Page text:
How to Install Vinyl Siding at an Angle to the Roof

Vinyl siding is one of the most popular siding materials in the United States.
Run PVC J-channel along sloped roofing eaves; then install the panels.Run PVC J-channel along sloped roofing eaves; then install the panels.
Improvements upon the original technology have made vinyl siding more attractive and durable; and the product’s affordability and ease of installation are tough to rival. Vinyl siding is comprised of a series of rigid polyvinyl chloride channels and trim pieces, into which the more flexible vinyl siding panels are fitted. J-channel is installed along the sloping walls where the side of the house meets the roof gables. Then the vinyl siding panels are trimmed to fit into the J-channels.

Step 1

Cut the J-channel to fit along the top of the gables beneath the rooftop. Use a hacksaw to cut the PVC J-channel to size.

Step 2

Install the J-channel along the roof gables with corrosion-resistant nails. Drive the nails through the prefabricated nail slots that run along the length of the J-channel. Leave one-thirty-second- to one-sixteenth-inch of the nail shafts exposed to allow for the natural expansion and contraction of the PVC material.

Step 3

Leave a quarter-inch between adjacent pieces of J-channel.

Step 4

Cut the vinyl siding panels to the proper length and angle. Use tin snips to cut through the siding panels. Leave a quarter-inch of space between the end of each siding panel and the back of the J-channel to allow for expansion.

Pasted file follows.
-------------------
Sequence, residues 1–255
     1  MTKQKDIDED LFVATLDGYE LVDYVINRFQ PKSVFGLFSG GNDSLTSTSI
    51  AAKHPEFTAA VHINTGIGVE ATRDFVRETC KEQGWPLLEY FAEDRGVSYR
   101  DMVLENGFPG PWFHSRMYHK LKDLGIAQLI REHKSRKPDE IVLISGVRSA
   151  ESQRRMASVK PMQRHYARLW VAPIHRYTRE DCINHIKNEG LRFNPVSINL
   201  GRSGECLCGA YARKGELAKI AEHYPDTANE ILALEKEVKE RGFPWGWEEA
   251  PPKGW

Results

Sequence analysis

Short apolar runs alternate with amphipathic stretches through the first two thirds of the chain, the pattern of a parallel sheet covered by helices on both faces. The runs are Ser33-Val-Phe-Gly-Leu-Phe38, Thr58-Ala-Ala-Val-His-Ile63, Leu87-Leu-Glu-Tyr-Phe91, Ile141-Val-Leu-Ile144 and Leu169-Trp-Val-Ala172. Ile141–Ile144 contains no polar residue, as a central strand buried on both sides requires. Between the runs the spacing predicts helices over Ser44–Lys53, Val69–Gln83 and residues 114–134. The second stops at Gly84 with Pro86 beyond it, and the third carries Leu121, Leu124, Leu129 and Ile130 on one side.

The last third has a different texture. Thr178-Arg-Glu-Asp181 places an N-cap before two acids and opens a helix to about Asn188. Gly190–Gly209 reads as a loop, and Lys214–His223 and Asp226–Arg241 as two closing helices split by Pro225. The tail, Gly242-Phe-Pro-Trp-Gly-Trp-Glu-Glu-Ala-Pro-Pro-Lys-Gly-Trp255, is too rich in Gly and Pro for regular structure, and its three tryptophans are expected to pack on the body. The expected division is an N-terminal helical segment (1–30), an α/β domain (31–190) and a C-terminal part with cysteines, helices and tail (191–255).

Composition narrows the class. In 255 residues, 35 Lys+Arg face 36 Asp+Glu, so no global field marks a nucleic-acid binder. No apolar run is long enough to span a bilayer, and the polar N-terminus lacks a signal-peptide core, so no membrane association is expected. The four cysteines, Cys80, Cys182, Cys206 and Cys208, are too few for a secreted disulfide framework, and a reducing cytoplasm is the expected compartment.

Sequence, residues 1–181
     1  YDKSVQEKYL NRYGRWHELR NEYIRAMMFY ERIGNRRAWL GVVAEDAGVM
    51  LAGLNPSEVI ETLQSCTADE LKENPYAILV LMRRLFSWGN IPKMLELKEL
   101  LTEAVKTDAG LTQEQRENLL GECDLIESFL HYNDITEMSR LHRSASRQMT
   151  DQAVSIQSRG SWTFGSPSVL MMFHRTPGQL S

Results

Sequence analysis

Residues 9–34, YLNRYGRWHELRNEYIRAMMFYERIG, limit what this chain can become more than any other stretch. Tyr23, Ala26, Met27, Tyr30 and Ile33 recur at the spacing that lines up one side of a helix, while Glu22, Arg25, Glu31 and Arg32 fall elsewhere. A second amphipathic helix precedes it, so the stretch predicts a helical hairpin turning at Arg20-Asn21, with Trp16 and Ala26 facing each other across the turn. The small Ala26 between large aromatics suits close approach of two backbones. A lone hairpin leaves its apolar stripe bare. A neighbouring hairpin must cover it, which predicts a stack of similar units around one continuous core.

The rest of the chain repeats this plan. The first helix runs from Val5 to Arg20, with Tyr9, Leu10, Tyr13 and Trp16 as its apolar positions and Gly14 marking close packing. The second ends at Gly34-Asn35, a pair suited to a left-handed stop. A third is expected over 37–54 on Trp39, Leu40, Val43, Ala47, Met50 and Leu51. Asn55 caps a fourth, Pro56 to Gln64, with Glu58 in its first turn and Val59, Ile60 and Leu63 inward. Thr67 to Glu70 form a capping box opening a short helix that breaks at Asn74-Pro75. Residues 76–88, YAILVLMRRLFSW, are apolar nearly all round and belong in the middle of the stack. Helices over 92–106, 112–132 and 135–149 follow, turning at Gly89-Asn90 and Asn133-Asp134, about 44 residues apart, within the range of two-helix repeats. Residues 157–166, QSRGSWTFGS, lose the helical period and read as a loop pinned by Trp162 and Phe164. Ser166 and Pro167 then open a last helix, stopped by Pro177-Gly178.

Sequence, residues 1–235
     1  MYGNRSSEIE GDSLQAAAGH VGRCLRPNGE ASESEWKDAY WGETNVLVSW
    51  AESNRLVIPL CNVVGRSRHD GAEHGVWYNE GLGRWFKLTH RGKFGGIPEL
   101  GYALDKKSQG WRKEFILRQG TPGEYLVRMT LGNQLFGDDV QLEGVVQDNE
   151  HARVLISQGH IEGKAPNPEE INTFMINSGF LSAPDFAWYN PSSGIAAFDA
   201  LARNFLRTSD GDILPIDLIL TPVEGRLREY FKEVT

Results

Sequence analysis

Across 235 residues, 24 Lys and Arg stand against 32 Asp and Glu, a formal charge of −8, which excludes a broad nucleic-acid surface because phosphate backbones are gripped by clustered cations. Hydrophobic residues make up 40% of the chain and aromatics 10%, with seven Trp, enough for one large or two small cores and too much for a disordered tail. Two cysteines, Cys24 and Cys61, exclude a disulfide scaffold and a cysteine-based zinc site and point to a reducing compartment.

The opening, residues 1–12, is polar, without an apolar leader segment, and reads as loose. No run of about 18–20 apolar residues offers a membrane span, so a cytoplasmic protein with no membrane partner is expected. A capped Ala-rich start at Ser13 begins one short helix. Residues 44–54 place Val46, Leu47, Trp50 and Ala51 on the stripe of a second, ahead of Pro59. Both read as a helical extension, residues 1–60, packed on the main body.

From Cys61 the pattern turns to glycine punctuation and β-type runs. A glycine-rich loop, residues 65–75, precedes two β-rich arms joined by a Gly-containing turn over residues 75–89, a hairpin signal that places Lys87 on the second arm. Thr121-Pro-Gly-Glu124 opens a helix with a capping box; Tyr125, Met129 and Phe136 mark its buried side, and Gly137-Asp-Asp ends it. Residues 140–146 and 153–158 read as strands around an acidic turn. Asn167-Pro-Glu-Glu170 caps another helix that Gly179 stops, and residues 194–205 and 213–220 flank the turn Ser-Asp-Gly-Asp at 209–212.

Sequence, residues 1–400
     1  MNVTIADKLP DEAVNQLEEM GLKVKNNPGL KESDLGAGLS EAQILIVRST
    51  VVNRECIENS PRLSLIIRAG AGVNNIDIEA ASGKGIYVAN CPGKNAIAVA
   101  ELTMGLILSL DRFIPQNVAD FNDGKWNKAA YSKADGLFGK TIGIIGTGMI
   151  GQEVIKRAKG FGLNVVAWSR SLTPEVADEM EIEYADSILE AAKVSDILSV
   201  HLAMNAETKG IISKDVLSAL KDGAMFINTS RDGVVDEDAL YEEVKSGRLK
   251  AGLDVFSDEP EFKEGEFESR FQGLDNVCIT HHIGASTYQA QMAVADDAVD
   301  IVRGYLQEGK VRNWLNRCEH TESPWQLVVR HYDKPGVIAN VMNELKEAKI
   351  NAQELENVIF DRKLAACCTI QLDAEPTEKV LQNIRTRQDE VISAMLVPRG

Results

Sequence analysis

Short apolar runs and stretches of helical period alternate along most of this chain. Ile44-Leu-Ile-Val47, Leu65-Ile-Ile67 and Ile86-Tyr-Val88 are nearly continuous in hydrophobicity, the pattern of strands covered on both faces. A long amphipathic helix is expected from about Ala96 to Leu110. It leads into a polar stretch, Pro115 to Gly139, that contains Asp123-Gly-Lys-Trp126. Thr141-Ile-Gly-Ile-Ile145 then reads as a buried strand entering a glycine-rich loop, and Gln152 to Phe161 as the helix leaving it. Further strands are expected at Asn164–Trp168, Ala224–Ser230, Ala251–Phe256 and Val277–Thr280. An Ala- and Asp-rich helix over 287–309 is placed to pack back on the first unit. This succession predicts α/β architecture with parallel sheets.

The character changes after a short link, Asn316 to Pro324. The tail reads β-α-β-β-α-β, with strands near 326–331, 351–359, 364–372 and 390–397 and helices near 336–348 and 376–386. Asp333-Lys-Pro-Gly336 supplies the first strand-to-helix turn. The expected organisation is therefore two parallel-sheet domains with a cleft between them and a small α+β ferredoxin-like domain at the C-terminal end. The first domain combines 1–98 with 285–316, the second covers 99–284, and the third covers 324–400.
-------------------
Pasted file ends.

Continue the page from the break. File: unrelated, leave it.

Step 5

Attach the vinyl siding panels to the house frame with corrosion-resistant nails driven through the prefabricated nail slots along each panel’s top edge. Drive the nails directly through the center of each nail slot, and leave one-thirty-second- to one-sixteenth-inch of the nail shafts exposed.

Step 6

Overlap adjacent siding panels by 4 inches. Work your way up, locking the base of each siding panel course to the top edge of the panel course beneath.

Things You Will Need

  • Tape measure
  • Hacksaw
  • Corrosion-resistant nails
  • Hammer

About the Author

Robert Howard has been writing professionally since 2004 and writes a weekly column for the "Synthesis," a Chico, Calif.-based newspaper. He maintains a blog and has published articles and works of fiction in a variety of different print and online magazines. Howard holds a Bachelor of Arts in visual arts from the University of California, San Diego.